Most people put bond assets and REITs (income taxed at marginal income rates) in their tax-deferred/free accounts.  They put equities (including dividend stocks) in their taxable accounts.  But regardless of what account holds which asset, they develop an asset allocation plan to figure out their overall percentages... and then just rebalance when necessary.

Vanguard's funds are fairly tax-efficient and it's easy to consolidate your various accounts at one place.  So maybe the best thing to do is to check your asset allocation and use the taxable account to hold more equities. 

I don't know anything about Vanguard's ETFs, but if there's an equivalent mutual fund with a lower expense ratio then I'd buy that instead of the ETF.  But maybe the ETF is covering a niche asset class that fits your asset allocation plan.

GreenGuava

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Re: Where do you invest your taxable money?
« Reply #9 on: March 29, 2013, 10:40:16 PM »
I don't know anything about Vanguard's ETFs, but if there's an equivalent mutual fund with a lower expense ratio then I'd buy that instead of the ETF.  But maybe the ETF is covering a niche asset class that fits your asset allocation plan.

At Vanguard, the ETFs are a share class of the mutual fund (literally;  this means there's no tax advantage to a Vanguard ETF over a Vanguard mutual fund).  They typically have an expense ratio equal to that of the Admiral shares.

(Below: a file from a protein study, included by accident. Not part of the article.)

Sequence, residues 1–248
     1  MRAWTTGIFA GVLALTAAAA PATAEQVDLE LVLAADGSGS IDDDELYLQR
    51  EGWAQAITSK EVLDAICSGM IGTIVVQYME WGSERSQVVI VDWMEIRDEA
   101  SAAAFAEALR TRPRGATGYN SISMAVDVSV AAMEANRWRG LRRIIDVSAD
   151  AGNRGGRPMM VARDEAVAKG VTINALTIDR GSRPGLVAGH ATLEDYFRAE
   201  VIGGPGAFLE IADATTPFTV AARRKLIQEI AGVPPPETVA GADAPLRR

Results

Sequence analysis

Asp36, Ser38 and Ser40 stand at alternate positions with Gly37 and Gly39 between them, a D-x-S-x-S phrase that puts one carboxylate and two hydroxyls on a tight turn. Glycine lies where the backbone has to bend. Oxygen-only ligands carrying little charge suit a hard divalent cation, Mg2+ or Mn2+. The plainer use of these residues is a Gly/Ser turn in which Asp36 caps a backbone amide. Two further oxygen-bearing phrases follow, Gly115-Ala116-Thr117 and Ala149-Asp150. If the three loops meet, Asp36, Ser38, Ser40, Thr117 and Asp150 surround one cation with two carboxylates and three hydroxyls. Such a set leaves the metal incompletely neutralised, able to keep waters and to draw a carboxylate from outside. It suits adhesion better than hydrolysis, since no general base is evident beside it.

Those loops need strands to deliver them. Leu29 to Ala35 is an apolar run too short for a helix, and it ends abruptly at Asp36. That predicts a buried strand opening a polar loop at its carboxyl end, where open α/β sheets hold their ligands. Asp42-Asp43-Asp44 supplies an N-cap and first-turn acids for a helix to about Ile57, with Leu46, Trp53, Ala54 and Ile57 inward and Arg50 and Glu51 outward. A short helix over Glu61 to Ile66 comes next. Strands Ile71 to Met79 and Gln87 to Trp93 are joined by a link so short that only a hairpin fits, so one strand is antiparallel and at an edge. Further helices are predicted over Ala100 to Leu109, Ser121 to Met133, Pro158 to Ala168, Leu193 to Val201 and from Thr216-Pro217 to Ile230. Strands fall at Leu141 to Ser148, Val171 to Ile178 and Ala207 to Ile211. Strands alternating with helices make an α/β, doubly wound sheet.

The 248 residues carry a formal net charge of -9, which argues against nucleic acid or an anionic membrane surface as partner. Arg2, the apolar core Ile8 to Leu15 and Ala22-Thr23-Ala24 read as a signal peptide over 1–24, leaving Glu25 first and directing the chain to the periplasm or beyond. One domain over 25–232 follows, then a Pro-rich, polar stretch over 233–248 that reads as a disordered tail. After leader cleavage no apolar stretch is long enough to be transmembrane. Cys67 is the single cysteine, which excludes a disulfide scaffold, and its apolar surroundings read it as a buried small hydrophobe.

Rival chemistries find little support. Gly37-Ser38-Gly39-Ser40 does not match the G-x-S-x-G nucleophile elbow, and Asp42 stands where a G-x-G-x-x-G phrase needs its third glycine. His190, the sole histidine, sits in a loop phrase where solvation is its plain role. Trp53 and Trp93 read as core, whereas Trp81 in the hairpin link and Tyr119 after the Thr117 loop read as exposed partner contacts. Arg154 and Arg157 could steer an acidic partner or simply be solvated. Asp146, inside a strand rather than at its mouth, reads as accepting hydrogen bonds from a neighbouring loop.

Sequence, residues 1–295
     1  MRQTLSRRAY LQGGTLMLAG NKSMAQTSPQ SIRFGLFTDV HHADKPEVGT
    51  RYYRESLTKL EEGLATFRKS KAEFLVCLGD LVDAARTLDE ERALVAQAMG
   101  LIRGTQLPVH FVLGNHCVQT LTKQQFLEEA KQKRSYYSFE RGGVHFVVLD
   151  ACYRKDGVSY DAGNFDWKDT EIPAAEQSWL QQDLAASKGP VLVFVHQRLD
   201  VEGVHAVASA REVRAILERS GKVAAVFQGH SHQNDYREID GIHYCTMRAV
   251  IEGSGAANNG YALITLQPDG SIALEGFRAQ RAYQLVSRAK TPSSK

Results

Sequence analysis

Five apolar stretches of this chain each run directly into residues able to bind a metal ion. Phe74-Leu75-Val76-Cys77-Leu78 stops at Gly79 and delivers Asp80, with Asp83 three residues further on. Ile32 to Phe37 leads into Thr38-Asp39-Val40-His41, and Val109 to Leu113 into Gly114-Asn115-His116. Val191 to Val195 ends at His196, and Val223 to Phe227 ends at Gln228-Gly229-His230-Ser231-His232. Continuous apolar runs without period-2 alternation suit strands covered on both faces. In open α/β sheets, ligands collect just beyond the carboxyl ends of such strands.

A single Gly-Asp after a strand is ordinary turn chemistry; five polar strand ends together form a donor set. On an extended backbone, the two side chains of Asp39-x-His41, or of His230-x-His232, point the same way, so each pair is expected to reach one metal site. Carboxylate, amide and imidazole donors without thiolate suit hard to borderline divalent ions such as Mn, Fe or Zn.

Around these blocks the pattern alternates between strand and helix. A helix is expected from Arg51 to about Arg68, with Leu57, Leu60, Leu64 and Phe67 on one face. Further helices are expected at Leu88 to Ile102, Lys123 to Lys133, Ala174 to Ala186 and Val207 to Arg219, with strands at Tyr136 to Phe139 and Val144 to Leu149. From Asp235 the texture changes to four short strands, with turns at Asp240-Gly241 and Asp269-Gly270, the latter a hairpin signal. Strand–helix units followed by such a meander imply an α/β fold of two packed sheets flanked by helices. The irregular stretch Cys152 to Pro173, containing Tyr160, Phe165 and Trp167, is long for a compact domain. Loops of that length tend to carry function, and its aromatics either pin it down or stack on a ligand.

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oldtoyota

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Re: Where do you invest your taxable money?
« Reply #11 on: May 26, 2013, 09:19:41 PM »
I am surprised to hear one would want a fund with dividends in a taxable account.

Why is that the case?


TwoWheels

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Re: Where do you invest your taxable money?
« Reply #12 on: May 26, 2013, 09:37:39 PM »
I am surprised to hear one would want a fund with dividends in a taxable account.

Why is that the case?

Because qualified dividends are currently taxed at a lower rate than ordinary income, and because they're an extremely convenient source of passive income.

oldtoyota

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Re: Where do you invest your taxable money?
« Reply #13 on: May 27, 2013, 01:26:21 PM »
Ah. So, they are called "capital gains" and taxed at 15%?

Undecided

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Re: Where do you invest your taxable money?
« Reply #14 on: May 27, 2013, 01:56:59 PM »

Will

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Re: Where do you invest your taxable money?
« Reply #15 on: May 27, 2013, 02:01:36 PM »

Joel

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Re: Where do you invest your taxable money?
« Reply #16 on: May 27, 2013, 02:21:10 PM »
I hold my excess cash in a brokerage account at vanguard. Currently all that money is kept in the total stock market index fund. I have been considering expanding to the international stock index fund, but have not made a contribution in awhile to be able to have 10k for admiral shares. Bonds are kept in retirement accounts as part of my overall asset allocation. That will depend on age how stock heavy you are.